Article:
85,000 Words and Counting

It’s been a long road, and I still have a couple of miles to go. Last night, though, I achieved a milestone that is only 3,000 words shy of my original goal of an 88,000-word first draft novel. In the end, the first draft seems like it’s going to be significantly longer than I had anticipated.

Over time, of course, the story has changed. The characters have taken on lives of their own and have altered the path and meaning of their collective journey in ways I couldn’t have possibly conceived when I started this project in earnest a year and a half ago.

I have planned and outlined two final chapters for this draft, the first of which I will begin authoring tomorrow night. If all goes well, I hope to take the month of October as an opportunity to take a break from crafting this story–to get some fresh perspective–before the revision and editing process must begin.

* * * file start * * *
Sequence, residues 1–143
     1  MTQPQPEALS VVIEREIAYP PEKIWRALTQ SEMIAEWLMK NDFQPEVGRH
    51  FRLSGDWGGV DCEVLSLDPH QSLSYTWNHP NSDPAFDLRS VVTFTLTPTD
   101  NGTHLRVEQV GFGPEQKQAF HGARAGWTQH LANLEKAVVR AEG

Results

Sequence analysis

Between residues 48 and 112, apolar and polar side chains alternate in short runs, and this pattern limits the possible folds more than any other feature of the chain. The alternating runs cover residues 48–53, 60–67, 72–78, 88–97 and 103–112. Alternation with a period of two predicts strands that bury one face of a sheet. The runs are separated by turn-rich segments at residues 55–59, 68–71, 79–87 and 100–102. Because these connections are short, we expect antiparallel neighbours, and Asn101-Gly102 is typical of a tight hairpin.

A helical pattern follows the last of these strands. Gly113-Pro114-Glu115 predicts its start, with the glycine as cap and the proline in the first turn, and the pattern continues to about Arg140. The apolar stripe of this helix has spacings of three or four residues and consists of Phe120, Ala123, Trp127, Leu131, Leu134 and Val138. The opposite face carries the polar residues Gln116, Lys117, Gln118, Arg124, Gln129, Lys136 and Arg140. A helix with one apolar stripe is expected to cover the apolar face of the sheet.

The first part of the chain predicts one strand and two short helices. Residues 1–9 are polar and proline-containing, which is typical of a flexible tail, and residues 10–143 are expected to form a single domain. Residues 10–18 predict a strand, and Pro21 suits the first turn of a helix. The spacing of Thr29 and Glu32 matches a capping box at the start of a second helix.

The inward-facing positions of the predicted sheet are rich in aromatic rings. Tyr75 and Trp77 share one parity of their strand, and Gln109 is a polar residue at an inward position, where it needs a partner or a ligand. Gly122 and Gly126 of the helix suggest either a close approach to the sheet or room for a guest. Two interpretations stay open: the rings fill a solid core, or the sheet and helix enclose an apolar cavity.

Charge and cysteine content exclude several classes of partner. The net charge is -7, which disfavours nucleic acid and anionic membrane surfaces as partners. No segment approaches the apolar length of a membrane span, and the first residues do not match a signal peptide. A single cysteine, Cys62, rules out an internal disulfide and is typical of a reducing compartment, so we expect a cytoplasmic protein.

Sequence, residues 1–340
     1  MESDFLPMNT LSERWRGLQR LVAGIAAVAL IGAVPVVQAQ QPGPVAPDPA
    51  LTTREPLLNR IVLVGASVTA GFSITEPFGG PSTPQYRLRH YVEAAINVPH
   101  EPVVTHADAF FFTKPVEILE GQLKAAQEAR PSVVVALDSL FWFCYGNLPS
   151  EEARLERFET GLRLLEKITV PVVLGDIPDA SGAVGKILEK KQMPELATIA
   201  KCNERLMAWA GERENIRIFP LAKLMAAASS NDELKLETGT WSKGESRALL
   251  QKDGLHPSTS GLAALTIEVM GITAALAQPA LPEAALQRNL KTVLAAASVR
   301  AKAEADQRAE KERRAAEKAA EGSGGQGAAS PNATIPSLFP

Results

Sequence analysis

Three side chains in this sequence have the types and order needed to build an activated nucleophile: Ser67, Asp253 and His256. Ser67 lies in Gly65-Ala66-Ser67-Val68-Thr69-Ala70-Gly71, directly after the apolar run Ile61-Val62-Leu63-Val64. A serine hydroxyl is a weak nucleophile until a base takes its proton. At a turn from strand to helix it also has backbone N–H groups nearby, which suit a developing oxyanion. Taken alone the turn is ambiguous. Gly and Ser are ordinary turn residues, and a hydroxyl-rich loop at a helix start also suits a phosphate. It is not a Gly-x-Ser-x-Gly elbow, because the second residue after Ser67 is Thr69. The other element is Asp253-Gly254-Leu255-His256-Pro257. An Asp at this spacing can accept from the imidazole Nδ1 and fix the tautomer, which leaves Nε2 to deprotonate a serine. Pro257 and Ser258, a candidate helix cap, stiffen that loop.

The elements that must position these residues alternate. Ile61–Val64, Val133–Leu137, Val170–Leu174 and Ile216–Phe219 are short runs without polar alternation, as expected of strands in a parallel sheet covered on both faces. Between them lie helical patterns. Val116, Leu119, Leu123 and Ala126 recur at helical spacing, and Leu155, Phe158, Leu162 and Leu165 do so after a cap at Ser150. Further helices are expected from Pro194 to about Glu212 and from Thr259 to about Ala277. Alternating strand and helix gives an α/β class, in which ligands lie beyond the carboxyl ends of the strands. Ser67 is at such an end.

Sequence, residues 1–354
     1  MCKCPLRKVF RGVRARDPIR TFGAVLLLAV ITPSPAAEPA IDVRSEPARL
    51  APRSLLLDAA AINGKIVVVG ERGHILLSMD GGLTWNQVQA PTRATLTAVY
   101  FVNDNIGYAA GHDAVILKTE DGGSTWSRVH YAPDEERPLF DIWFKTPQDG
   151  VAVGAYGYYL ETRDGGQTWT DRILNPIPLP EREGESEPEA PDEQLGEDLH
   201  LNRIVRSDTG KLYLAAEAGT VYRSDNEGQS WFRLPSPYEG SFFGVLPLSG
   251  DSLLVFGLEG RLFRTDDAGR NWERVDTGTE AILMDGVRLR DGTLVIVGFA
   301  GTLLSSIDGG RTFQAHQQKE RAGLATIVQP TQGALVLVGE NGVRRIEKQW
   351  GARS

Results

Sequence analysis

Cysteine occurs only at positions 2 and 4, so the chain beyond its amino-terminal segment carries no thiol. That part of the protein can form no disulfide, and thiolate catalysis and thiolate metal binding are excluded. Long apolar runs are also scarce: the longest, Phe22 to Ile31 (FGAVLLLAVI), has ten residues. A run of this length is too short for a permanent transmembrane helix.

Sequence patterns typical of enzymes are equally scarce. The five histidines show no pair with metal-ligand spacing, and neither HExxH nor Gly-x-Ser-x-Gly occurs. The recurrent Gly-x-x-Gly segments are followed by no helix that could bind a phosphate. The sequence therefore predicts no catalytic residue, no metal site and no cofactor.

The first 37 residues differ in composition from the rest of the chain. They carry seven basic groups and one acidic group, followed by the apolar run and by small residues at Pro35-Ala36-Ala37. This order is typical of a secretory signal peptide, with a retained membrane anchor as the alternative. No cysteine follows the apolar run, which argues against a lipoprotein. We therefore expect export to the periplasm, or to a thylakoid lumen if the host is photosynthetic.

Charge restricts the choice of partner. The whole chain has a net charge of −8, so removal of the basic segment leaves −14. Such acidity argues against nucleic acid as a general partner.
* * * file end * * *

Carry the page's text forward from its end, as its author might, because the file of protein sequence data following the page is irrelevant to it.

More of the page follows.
The more I look back at this process and what it has wrought, the more excited I am about completing this phase. And the more excited I get about completing this phase of the novel, the more I anticipate the next phase. Truly, the act of novel writing is a joyful process of discovery for me.

Why did I wait so long to do it?

Making Time

I’m close. So close.

After writing just three more chapters, I will become one of the storied 8 percent of would-be novelists who ever actually completes a first draft. I do not know from where that figure comes, nor am I particularly inclined to research it just now. But it does feel good to think that I am almost to a place where I can count myself among those who have had the spark of inspiration for writing a novel, and then gone on to actually do the work of writing it.